As parents get their kids ready to go back to class, many districts are still trying to figure out who will drive them there.
School districts across the country are seeing a shortage of school bus drivers. Some places are even calling the shortage “severe.”
Here in Central Texas, a few districts tell KVUE they are in need of drivers.
"One of our most challenging positions to find qualified candidates for is our bus driver positions,” said Corey Ryan with Leander Independent School District.
Right now, the district has 35 vacant bus driver positions.
"What ends up happening in a school district, when we have vacant bus driver positions, is it's all hands on deck," he said. "Mechanics are driving, routers are driving. They are all CDL certified and meet the qualifications to drive. They're all filling in to fill in the gap -- to make sure we're serving kids and families."
At Austin Independent School District, the executive director of transportation, Kris Hafezizadeh, said he still wants to hire another 10 to 15 drivers right now.
“We're okay at this time, but we can always use more," Hafezizadeh said. "We always hope for more. We are hiring still, and we will always hire bus drivers.”
He likes to have a few extra drivers ready to transport the 23,000 students they serve in case someone calls in sick, has a family emergency, or even decides to quit after the first few days of school.
"We had some people that (said) this is not for me," said Hafezizadeh.
Both district representatives said there are a few reasons it can be difficult to hire drivers.
"One of the great things about living in Central Texas is it’s just a great place -- there's high quality of life, we have a booming economy. The challenge is that with the booming economy -- with low unemployment rate -- it's hard to hire for certain positions,” Ryan said.
Ryan said it can be difficult to compete with other job opportunities in a booming economy.
“Our board was proactive by increasing the pay rate for bus drivers by about seven percent," said Ryan.
Leander ISD just increased the pay for their drivers to $15.50 per hour, from the $14.52 last year.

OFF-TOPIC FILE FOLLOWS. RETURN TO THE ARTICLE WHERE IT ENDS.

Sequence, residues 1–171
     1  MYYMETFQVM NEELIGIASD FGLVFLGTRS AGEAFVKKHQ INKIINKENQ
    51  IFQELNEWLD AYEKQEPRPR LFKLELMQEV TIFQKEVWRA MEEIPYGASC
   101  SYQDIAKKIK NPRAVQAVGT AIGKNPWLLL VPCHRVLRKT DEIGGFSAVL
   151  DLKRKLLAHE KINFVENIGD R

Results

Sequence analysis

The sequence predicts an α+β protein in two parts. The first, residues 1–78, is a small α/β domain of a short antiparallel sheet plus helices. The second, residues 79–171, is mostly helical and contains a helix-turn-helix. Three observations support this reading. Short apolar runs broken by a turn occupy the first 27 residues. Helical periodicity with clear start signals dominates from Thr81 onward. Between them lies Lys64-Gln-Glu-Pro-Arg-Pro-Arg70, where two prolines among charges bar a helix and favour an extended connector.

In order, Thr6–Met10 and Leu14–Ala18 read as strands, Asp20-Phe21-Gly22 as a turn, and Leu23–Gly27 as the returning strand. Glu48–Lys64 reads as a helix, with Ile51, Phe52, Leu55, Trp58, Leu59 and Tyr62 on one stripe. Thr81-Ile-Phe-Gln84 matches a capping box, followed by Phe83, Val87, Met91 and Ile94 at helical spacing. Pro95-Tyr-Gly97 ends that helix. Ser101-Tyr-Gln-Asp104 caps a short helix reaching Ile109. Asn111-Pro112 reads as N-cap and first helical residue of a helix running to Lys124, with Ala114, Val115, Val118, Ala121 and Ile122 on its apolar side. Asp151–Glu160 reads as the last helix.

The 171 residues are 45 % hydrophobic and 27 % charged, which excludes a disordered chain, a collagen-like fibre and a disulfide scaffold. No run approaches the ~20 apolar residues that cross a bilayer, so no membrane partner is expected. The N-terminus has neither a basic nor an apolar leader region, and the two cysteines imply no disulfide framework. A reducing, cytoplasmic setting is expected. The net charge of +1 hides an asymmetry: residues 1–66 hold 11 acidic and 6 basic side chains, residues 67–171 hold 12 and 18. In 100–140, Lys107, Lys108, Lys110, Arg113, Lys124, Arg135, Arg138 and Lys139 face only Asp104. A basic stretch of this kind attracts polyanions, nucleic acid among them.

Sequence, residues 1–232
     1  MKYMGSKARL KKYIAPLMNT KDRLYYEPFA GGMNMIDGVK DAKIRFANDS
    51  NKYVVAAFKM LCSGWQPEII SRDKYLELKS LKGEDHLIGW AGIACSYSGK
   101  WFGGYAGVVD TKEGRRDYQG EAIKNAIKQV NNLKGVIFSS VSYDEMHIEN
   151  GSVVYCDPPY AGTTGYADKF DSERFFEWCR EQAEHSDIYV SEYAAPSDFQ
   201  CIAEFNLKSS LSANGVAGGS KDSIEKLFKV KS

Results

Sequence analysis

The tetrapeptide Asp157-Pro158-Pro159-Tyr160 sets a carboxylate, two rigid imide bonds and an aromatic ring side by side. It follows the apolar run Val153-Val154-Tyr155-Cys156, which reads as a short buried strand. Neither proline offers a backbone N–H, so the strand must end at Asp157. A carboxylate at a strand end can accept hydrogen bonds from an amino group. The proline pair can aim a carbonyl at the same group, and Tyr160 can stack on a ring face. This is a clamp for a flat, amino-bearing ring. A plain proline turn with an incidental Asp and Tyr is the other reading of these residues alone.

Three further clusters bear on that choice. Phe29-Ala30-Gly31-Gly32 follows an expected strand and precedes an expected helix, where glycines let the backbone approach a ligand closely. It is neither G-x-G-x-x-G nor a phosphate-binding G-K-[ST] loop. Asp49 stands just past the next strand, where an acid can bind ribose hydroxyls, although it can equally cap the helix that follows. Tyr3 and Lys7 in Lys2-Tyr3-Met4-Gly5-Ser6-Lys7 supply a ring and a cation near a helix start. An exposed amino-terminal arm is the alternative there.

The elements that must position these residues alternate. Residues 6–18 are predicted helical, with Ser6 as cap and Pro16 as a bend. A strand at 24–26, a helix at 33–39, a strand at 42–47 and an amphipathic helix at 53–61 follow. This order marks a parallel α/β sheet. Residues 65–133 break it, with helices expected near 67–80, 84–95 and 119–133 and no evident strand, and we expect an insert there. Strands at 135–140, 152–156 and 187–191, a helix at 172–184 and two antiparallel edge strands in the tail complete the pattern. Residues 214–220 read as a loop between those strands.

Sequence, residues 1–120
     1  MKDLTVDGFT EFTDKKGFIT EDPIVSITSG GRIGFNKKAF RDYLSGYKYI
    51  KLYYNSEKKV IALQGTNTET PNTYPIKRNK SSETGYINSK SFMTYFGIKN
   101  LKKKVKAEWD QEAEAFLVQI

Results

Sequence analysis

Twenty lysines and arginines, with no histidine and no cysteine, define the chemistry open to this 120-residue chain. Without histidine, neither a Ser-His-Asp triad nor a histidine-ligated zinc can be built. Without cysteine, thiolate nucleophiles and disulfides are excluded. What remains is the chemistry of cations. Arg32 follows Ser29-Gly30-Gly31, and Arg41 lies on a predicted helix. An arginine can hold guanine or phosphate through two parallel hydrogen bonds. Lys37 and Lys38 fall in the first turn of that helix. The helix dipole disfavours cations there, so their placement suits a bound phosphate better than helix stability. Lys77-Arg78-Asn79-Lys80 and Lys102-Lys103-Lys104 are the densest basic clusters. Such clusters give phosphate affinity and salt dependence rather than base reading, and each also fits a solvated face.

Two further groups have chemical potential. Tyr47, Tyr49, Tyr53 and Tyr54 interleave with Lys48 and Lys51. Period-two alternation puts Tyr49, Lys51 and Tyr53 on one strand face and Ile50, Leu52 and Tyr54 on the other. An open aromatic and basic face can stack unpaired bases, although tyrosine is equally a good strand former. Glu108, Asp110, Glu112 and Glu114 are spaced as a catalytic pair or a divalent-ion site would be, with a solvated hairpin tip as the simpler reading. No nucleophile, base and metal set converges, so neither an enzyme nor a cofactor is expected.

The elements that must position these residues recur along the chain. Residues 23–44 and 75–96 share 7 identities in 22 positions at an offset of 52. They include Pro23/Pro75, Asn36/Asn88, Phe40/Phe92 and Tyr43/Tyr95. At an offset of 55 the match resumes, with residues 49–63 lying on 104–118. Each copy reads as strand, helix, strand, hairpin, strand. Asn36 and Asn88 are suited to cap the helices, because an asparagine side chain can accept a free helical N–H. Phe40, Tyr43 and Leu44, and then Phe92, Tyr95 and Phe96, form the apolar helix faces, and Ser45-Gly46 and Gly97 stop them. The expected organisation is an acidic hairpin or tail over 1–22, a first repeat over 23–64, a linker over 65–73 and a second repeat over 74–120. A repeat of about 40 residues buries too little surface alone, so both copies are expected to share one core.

At AISD, Hafezizadeh said they have a starting wage of $15.42 per hour with no experience.
While both districts have programs that allow drivers to get their commercial driver’s license after being hired, they also said it can be difficult to complete the course.
"One of our biggest challenges from a training perspective is that there's only one testing site in our area for DPS, so being able to plot the time to get in is just a challenge," said Ryan.
"The testing, the driving testing of DPS takes longer, cause we've got to get appointments, and it takes longer to get those appointments for them to pass the driving test,” said Hafezizadeh.
So he said they’ve tried to find a solution.
"In our district we've worked out an agreement that we can use our facility to do the driving test for us, and also the districts around us," said Hafezizadeh.
Still, both Hafezizadeh and Ryan said the training and hiring process can take six to eight weeks.
"We do what we can to make sure we have enough drivers,” said Hafezizadeh.
He also said drivers need to be patient, which can be difficult in Austin traffic.
And, the hours can deter some applicants.
"It’s not a full day of work, it's a split day, coming in at the beginning of the day and at the end of the day, so it’s a very specific kind of clientele in terms of finding the right fit,” said Ryan.
Hafezizadeh said it takes a certain type of person to be a bus driver.
"Being a school bus driver is not very easy. Number one, you've got to love the kids, you've got to be able to concentrate on the road and then be able to have 60 kids behind you,” said Hafezizadeh.
Depending on the district, there are different qualifications to apply to be a school bus driver.
"There are many things that a school bus driver's got to go through to become a school bus driver," said Hafezizadeh.
He said the regulations are increasing for bus driver requirements.
In AISD, you cannot have a DWI on your record.
"Their background must be excellent," said Hafezizadeh.
According to Hafezizadeh, applicants go through human resources for a background check, have a series of interviews with supervisors, get finger printed to enter into a national data base and then have to pass a physical to make sure they’re “fit” enough to be a school bus driver.
In Leander ISD, you must be 21 years old, have a GED or high school diploma and have or acquire a CDL certification.
"Being a school bus driver is not an easy thing to do. You're driving a 40-foot bus, and then there are 60, 70 kids in there. Then at the same time you've got to make sure they're safe inside the bus. You've got to pay attention to the other motorists possibly not paying attention to your bus, so a school bus driver has a lot on their mind," said Hafezizadeh.
A big task districts know someone is ready to tackle.
"If you can do all of that, please go online and apply," said Hafezizadeh.
Because at the end of the day, both districts said they try to do what they can for the students.
"Number one, you've got to love the kids, if you're not into kids, straight up, don't apply because this is not the right job for you," said Hafezizadeh.
"Bus drivers love their job, they love working with kids, they love the opportunity to contribute,” said Ryan.
"If we don't have drivers, if we don't have busses, kids will not go to school,” said Hafezizadeh.